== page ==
But I've ranted on enough about the gameplay, so let's look at other areas that give me meningitis. Ah, I think the art direction will work, because there is none; if there was, then the concept artists sneaking Max Ernst doodles into their submissions to troll the character artists is the only logical explanation. I feel it deserves special mention for vomiting out some of the worst character designs I've ever seen in a video game, which is saying a bloody lot when the entire JRPG genre still exists (buuurn). The "Quad Jaw" creature was the most ridiculous, having the body of a purple beetle with an octopus' mouth on its underbelly, and three heads covered in spider webs that resemble a tiger, a rabbit and a crocodile sitting atop necks resembling tree trunks, an inhumane concoction that even Doctor Moreau would find offensive. Bryce himself looks like a shaving accident gone horribly wrong also bearing hair so stiff he must need fucking sculptors to shave it, and Astaroth has what appears to be blue paint dripping from his mouth (which probably makes him the "special" kid of the demon world), a bird's nest for a body, and two skinned snakes for arms. It really does reach far beyond plain ridiculous; here I thought Ghirahim was insulting but if there were a competition held for most offensively gay video game characters ever made then the semi-recurrent demon boss of NeverDead would not only win the gold trophy and all the runner up medals, but he'd also take home all the consolation prizes, a lifetime supply of designer cupcakes, and probably a couple of underaged boys as well for good measure.

I feel like a deviant just looking at this. If I'm going to suffer this, I'll take you all down with me.

The story is all over the shop too, reading out like it was written inside fifteen minutes by an exasperated intern suspecting the director of banging his wife. They mention the more powerful demons being immune to weapons in our plane such as swords and guns which is the reason the heroes need a medium to make them vulnerable, but while Bryce gets a free ass-kicking ticket with the common enemies because he's special for no other reason than the game refusing to cooperate with the writers if a half-assed explanation wasn't given, how the fuck is Arcadia – a mere mortal with no prior connection to the demons – able to harm them? The writers don't seem to have a full understanding of emotional weight and impact, seeing as how the treachery of a fellow demon hunter who looks like he was on the bad end of a botched knife throwing act is treated as somewhat of a big deal despite the anorexic bastard only appearing for all of one minute prior to that with a huge neon sign saying "I am totally going to literally stab you in the back soon!" And if Bryce's blood behaves as an all-purpose restorative drug, then why in God's name does he only ever give a dose of it to Arcadia once in the entire fucking game? How many game overs and mortal genocide fantasies could I have been spared if she had just kept a couple jars of that shit on-hand instead of calling for help every single goddamned time the wind blew in her face?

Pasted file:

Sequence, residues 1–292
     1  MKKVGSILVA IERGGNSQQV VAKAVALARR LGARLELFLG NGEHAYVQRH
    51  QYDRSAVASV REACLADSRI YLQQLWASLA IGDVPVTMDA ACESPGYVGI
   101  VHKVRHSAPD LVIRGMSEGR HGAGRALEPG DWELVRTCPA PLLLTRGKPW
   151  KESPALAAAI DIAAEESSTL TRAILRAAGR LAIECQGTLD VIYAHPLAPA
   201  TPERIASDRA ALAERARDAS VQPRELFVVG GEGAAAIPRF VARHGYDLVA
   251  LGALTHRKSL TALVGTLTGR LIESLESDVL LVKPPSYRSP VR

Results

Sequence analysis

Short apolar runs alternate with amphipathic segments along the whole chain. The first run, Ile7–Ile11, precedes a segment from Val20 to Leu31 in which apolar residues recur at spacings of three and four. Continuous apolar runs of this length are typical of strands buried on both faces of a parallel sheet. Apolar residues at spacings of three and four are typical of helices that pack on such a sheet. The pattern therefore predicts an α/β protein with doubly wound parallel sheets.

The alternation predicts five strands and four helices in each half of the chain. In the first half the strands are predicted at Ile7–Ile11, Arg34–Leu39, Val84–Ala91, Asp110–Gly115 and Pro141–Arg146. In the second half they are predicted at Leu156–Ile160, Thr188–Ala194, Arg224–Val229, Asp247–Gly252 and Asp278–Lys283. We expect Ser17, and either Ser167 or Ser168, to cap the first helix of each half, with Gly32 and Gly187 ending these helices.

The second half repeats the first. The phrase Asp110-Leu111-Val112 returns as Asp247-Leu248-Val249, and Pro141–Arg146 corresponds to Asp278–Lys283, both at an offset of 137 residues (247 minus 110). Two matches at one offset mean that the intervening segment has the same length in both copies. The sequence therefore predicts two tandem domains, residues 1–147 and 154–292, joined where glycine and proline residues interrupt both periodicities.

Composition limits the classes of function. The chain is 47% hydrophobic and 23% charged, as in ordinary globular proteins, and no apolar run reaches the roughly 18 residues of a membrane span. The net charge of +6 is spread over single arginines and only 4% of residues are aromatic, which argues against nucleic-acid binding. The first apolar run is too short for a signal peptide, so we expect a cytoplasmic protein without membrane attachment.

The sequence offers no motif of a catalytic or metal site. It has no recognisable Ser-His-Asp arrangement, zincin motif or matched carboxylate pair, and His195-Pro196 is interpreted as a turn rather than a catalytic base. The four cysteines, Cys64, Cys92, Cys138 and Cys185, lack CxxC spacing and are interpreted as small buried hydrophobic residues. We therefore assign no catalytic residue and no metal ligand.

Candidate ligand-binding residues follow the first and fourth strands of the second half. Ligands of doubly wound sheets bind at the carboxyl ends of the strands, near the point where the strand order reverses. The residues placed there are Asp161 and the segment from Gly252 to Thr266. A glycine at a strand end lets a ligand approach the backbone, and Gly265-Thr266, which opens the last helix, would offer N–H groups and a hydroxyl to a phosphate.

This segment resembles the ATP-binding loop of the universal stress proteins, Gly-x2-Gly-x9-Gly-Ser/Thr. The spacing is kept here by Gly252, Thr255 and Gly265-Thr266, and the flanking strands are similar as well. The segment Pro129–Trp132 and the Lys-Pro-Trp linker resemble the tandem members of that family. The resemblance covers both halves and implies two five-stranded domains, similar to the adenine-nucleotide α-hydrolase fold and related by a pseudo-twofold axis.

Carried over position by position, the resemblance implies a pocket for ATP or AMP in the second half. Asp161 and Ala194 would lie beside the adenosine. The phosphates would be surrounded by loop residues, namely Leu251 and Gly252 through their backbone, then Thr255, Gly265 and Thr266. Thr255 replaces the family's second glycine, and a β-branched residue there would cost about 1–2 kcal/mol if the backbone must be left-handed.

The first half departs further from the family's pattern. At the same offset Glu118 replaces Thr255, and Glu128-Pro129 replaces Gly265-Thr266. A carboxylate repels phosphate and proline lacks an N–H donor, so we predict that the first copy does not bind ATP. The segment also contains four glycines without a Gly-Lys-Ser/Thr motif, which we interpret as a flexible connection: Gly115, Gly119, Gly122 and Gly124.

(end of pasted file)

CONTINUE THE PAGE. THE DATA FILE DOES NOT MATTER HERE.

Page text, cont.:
I played NeverDead on-and-off because playing it dedicatedly would've been like shoving hot iron prods up my nostrils, and yet I still finished the entire story campaign within three days. When you get past all the shit, you find that the game is just boring; there are nine linear levels padded out to at least forty minutes each, with roughly half an hour worth of ideas to show for it. Gameplay feels more like a formulaic grind than any genuine test of skill; enter a room, run past all of Lovecraft's rejects so you can reach the giant armoured vaginas constantly respawning the twerps, slowly drag your fat load to your needy colleagues because a gun-toting harpy just shot all your limbs off in four different directions, then repeat about a hundred times. I thought Bryce would be made mortal for the final battle, stripping away the only thing that kept him safe for so long as an epic final showdown that's won on his own merits and not just because he was the guy blessed with a shiny eyeball, but that would imply a degree of genuine sophistication or effort on the part of a production team that likely spent the majority of the development process bashing their heads against their desks and injecting copious amounts of turpentine into their systems. The addition of online multiplayer just seems like a desperate attempt to maintain replay value, a bid that couldn't even fool the fans since I was only able to find about four active lobbies over the week I played, which in all honesty was the most uplifting part of this entire experience.

The biggest insult to any gamer is when they've invested more effort into beating a game than the development team did actually making it, which makes NeverDead the biggest middle finger a developer could possibly give. There are a few interesting ideas, but that's hardly enough to salvage the game when even those mechanics were constructed from horse shit. It's just one of those games that no matter what you do, it never really feels like you've accomplished anything of worth. I mean Astaroth doesn't even die in the end, he just sinks back into his burning grotto dragging Bryce down with him; for all the shits I gave, everyone may as well have just shot each other with squirt guns at the local rubbish dump, and that at least wouldn't have cost me $90. Then it just jumps into the credits roll as an incredibly out of place dance pop number closes off a game that up until now was built entirely on monotonous heavy metal and high-powered electronic, which would be like going to a Rammstein concert and the closing act being Kesha. Do you really want to be heavy metal, NeverDead? Then go jump in an iron maiden, and then maybe we can both feel like we've achieved something beautiful.

The 'Shroom: Crocodile Style Reviews